Increased uncertainty about the strength of the global economy and ongoing low inflation is mirrored in economists' expectations about the Reserve Bank's next move.
Central bank governor Graeme Wheeler kept the Official Cash Rate (OCR) on hold at a record low 2.5 percent but signalled it could be cut further if needed.
Some economists say it's not a question of if Mr Wheeler cuts, but when.
Westpac chief economist Dominick Stephens has long argued the Reserve Bank will cut rates to 2 percent.
Mr Stephens said Fonterra's decision to cut the dairy payout to its farmers to $4.15 a kilo of milk solids, means such a cut could be as early as March.
"There's a very good chance that the Reserve Bank could cut in March. We're just mulling the likely timing now. I certainly think export commodity prices falling for New Zealand lifts the chances of a March cut.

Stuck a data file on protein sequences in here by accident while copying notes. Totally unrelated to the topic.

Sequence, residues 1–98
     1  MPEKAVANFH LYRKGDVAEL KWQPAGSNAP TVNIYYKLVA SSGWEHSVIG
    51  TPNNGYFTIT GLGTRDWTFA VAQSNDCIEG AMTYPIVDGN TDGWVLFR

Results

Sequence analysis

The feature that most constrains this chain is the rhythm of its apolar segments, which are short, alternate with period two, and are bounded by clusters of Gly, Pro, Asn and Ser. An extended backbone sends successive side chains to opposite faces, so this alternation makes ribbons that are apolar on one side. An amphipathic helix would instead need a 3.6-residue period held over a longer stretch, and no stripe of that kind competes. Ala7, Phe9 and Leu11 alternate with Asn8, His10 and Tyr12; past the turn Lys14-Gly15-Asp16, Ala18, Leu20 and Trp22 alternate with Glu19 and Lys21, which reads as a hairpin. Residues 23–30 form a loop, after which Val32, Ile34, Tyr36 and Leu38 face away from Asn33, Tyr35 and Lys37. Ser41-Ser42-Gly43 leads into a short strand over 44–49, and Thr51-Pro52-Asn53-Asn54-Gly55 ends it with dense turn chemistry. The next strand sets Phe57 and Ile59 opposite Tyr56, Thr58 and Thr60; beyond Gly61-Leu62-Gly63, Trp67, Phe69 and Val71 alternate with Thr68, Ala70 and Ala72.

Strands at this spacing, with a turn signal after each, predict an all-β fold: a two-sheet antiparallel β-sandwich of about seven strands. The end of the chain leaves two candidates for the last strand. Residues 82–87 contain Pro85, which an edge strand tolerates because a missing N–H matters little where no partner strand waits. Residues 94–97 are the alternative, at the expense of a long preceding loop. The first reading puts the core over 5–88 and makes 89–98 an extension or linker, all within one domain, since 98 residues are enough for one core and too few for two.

But Mr Stephens said where inflation expectations headed would be the key to the central bank's next move.
The Reserve Bank's quarterly survey showed respondents believed inflation will be about 2 percent in two years time, in line with the mid-point target.
"If that changes, I think it becomes a slam dunk. The Reserve Bank is pretty much required to reduce the OCR if inflation expectations fall."
But other analysts argued the hurdle to cut the OCR was high, despite the increased easing bias.
ANZ Bank chief economist Cameron Bagrie said growth was solid, core inflation was 1.6 percent, the dollar was falling and house price pressures, particularly in the top half of the North Island, remained elevated.
" his doesn't sound like a central bank ready to cut rates any time soon."
Mr Bagrie said it had its own watchlist of six Cs - China, currency, commodity prices, cost of funds, credit growth and confidence.
While some of these - such as the cost of fund increases and low export prices - could justify a lower OCR now, "we are not seeing enough across the board, particularly with the domestic economy still performing well, to justify a material further easing in policy".